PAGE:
The preservation of human rights is integral to combating climate change

From hunger to homelessness, forced displacement, and loss of livelihoods, climate change puts human rights in jeopardy.
From hunger to homelessness, forced displacement, and loss of livelihoods, climate change puts human rights in jeopardy.
Image: Reuters/Beawiharta
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On Dec. 10, 1948 representatives from around the world met in Paris to sign the United Nations Universal Declaration of Human Rights in the aftermath of World War II. Sixty-seven years later, representatives from around the world are meeting there again to negotiate another monumental agreement: an international deal on climate change.

It may not seem like these global events are related but, in fact, climate change is one of the greatest human-rights challenges of our time. The signers of the Universal Declaration agreed that all people have the right to basic sustenance, protection, and freedom; including rights to food, health, shelter, and self-determination.

From the devastation caused by Typhoon Haiyan in the Philippines, to the severe drought exacerbating the refugee crisis in Syria, extreme weather continues to result in severe, and often irreversible, social and economic harm to millions of people around the world. From hunger to homelessness, forced displacement, and loss of livelihoods, human rights are in jeopardy.

And so, in the spirit of what their predecessors achieved 67 years ago, negotiators at the climate talks in Paris must not only deliver a global deal that curbs climate change, but also one that upholds human rights.

In its recent report, Extreme Carbon Inequality,” Oxfam looks at consumption emissions of rich and poor citizens in different countries based on data from the World Bank, Organization for Economic Co-operation and Development (OECD), and the Centre for Global Development climate-change vulnerability index. We estimate that the world’s richest 10% produce half of carbon emissions, while the poorest 3.5 billion account for just a tenth.

The poorest are often the most vulnerable and least prepared to cope with the effects of climate change, regardless of nationality. Droughts, floods, and superstorms have hit both rich and poor countries alike, from here in the United States, to the Philippines and the South Pacific island-nation of Tuvalu. Women, especially those in rural communities, are most at risk, since they often depend on agriculture and have few other opportunities to make a living.

Effectively addressing climate change means upholding existing principles of human rights in our efforts to implement climate action, especially by protection of human rights of indigenous peoples, women and girls, people with disabilities, and migrants and refugees. That means that as actions are taken to address climate change, they must not be made at the expense of peoples and communities or their rights. For example, the human rights of indigenous communities must not be disregarded when investing in clean energy projects, such as wind and solar. And that the lack of rights for women farmers is taken into account when responding to food crises in communities where women traditionally lack access to rights, information,and credit. Helping women and other vulnerable groups to claim their rights is essential to climate justice.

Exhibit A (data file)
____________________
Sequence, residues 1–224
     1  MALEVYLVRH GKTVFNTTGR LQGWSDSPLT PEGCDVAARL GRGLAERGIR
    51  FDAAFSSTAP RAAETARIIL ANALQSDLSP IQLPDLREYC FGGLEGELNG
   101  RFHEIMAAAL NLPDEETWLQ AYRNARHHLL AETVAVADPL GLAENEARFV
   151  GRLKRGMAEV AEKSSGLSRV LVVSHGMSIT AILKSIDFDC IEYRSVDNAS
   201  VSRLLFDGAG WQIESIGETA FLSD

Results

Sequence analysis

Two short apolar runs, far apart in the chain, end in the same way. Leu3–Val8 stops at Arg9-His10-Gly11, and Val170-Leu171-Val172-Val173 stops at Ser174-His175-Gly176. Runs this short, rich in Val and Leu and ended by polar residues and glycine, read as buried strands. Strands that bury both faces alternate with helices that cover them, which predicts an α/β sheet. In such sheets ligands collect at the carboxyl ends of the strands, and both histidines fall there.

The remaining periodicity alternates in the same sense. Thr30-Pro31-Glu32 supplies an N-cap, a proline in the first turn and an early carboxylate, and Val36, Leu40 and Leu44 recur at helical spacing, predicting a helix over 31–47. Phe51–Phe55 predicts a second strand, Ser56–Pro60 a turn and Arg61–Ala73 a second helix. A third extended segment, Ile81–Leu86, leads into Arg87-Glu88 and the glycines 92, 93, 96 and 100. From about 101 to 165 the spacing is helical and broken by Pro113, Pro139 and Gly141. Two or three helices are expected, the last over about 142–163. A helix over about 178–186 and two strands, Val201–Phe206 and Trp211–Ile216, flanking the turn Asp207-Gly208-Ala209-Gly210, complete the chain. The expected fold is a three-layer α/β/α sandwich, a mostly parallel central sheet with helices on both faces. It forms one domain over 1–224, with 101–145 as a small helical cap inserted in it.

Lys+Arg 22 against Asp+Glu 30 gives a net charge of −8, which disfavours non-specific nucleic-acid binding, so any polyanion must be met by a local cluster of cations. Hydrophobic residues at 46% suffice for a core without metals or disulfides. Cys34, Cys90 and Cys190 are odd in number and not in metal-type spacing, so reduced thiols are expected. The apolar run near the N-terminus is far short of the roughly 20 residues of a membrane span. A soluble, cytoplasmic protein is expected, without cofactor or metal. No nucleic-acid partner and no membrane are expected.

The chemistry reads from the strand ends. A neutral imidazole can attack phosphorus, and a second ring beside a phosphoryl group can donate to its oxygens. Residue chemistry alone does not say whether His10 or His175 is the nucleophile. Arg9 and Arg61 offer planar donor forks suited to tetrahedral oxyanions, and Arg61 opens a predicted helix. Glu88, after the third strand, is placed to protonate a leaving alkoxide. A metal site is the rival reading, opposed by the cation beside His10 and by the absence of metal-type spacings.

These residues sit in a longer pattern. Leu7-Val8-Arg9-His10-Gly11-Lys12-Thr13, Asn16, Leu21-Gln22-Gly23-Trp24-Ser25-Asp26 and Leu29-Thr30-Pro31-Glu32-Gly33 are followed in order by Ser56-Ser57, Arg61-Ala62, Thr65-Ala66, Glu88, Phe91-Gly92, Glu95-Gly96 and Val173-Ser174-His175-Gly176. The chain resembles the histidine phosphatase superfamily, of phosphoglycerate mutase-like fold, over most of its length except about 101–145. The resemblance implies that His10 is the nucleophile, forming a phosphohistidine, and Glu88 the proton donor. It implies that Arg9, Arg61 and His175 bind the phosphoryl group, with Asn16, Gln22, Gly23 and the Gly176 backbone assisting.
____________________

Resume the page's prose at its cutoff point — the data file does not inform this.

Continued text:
And it also means that the United States and other countries contribute their fair share of financing support for mitigation, adaptation, and loss-and-damage efforts in a manner that prioritizes the needs of the poorest and most vulnerable.

A human rights-based approach is not only the moral thing to do, but it would also lead to more sustainable and effective results in climate action. That’s because a human rights perspective offers guidance for addressing climate change by providing a holistic picture of the connections between the economic, social, cultural, and political dimensions of the problem.

We are at a unique moment in history where we have the opportunity to ensure millions of people’s basic rights are protected in the future. Human rights language is in the draft agreement now, and it must stay there.

The negotiators know that our planet cannot wait. They must achieve a strong and substantive agreement that addresses climate change while also offering human rights protections for vulnerable and marginalized peoples here at home and around the world. Including human rights language in the final agreement will strengthen the stated objectives by providing concrete measures to protect people from the harms of climate change.